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Patient fears grow over plan to close Causeway Hospital A&E at night-time

Lives could be put at risk if A&E at the Causeway Hospital is closed after midnight, it has been claimed
Lives could be put at risk if A&E at the Causeway Hospital is closed after midnight, it has been claimed

By Lisa Smyth

The emergency department at one of Northern Ireland’s busiest hospitals could be on the verge of closing its doors overnight — raising fears that lives will be put at risk.

Politicians representing constituents in the Northern Health & Social Care Trust area say they believe proposals are being considered to shut the A&E at the Causeway Hospital in Coleraine between midnight and 7am.

Anyone with a medical emergency between these hours would be taken to the casualty units at Antrim Area Hospital or Altnagelvin Hospital in Londonderry instead.

The plans emerged during a debate at Stormont on the future of the Causeway Hospital and have further fuelled speculation that acute services there will be axed as part of a review of health and social care in the province.

It comes after Health Minister Edwin Poots told the Belfast Telegraph he believes emergency care could be delivered at the hospital in a similar model to the one in place at the Downe Hospital — where the A&E closes overnight and at weekends.

Speaking during the debate, South Antrim MLA Danny Kinahan said he had spoken to chief executive of the trust, John Donaghy, who told him the “only cut coming is the removal of blue light services from the Causeway between midnight and 7am”.

DUP MLA David McIlveen said limiting the department’s hours “will be like playing a game of Russian roulette”.

“If you get sick before midnight, you are safe. If you get sick after midnight, you are playing a very dangerous game,” he said.

SDLP MLA John Dallat, who called for the debate, said he was not reassured by the response of Mr Poots in response to the concerns raised by his Stormont colleagues.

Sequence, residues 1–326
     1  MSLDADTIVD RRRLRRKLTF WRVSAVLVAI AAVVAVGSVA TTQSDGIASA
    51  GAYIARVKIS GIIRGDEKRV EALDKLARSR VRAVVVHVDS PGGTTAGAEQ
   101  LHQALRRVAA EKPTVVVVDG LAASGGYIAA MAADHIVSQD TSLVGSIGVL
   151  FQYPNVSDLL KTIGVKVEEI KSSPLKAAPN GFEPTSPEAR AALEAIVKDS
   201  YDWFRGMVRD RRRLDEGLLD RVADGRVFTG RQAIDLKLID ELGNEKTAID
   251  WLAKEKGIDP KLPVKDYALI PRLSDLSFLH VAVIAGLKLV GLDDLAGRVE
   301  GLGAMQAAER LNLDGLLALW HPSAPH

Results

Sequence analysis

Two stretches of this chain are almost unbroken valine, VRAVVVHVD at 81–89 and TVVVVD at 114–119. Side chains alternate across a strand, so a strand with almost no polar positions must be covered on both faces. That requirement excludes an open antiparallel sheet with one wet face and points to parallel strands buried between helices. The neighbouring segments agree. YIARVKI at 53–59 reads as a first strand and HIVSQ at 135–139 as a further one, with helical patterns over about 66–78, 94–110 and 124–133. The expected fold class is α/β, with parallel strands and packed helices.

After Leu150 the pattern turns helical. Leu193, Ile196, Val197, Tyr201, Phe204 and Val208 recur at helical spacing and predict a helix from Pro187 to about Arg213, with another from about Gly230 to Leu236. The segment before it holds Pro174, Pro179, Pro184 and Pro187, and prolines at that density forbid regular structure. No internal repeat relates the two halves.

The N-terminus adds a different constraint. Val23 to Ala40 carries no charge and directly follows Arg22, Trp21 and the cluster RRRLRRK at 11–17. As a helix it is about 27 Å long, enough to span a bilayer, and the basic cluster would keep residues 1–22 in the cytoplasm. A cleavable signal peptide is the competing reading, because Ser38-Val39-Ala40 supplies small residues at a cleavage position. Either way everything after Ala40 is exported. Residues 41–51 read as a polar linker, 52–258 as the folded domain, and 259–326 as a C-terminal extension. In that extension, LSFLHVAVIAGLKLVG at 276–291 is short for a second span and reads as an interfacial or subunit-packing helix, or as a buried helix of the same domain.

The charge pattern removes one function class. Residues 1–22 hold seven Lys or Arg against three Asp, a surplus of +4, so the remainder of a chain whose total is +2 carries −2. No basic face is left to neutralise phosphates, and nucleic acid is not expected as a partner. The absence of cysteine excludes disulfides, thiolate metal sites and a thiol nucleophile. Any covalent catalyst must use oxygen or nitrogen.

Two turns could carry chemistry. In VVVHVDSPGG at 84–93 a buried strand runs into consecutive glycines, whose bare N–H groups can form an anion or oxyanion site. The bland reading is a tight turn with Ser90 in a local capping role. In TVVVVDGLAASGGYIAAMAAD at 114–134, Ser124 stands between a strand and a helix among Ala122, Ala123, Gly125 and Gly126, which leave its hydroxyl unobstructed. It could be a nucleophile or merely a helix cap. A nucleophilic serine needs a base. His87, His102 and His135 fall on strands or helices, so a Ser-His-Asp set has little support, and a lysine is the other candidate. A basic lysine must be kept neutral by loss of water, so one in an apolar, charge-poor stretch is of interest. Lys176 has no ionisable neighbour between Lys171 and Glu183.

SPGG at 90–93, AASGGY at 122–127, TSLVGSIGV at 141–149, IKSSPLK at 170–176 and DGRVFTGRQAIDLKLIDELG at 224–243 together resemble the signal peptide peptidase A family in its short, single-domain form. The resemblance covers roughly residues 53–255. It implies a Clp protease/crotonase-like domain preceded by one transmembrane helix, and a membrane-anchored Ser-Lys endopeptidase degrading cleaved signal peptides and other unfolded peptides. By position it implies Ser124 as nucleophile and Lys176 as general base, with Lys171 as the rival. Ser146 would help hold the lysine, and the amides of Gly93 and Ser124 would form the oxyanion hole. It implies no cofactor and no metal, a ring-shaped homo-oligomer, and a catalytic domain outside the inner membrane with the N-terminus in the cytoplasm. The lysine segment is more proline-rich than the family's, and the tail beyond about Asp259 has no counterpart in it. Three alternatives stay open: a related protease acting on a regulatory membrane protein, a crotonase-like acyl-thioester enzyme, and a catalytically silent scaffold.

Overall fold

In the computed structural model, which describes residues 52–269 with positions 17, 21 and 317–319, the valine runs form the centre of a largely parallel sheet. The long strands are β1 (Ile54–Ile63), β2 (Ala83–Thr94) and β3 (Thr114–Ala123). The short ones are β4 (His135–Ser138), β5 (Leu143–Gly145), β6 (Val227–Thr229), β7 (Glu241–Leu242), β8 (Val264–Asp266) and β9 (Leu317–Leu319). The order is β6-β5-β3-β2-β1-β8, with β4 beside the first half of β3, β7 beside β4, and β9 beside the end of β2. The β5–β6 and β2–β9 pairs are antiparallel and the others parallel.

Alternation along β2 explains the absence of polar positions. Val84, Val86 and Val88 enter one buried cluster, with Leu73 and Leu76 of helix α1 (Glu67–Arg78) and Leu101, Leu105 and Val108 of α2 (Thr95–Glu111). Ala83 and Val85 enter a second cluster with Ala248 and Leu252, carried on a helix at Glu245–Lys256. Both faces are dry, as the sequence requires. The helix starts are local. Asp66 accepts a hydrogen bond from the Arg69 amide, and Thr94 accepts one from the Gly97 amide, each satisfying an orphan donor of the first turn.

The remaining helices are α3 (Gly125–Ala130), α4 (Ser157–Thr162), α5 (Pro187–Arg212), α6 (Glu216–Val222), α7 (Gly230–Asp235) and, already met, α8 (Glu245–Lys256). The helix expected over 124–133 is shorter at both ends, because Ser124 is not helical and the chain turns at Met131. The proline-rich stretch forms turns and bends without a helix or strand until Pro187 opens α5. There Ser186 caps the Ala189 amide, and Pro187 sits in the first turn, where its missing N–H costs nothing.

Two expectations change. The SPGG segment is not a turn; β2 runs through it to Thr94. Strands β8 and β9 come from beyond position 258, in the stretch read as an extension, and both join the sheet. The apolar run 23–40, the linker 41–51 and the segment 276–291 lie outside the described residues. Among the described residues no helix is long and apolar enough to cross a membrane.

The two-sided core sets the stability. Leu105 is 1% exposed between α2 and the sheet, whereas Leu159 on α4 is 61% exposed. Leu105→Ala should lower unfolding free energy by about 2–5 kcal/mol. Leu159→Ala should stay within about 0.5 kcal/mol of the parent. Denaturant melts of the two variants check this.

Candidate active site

Mr Poots told Members no decision has yet been reached by the trust in relation to the future of the accident and emergency department or acute services at the Coleraine hospital.

The Northern Trust also released a statement saying “at this point no decisions have been made”.

Kim Hall, branch secretary for Unison at Causeway Hospital, said: “Our members are very concerned. Taking away 24-hour emergency care will put lives at risk. There are a lot of people who are very worried about their jobs as well.”

Heads must roll for failings, says MLA

A member of the Stormont health committee has called for someone to be made accountable for the failings at Antrim Area Hospital.

Alliance MLA Kieran McCarthy was speaking after two independent reviews of care at the hospital highlighted a startling series of failures compromising patient safety.

The issues included patients being treated in inappropriate settings, an under-staffed accident and emergency ward and GPs having to wait up to six months to find out what treatments their patients need after leaving hospital.

During an evidence session on the issue at the committee yesterday, Mr McCarthy said: “Someone has to be accountable for the mess at Antrim.

“We are talking about action plans and moving forward, but it should never have got to the situation where this was necessary, and someone somewhere has to carry the can for it.”

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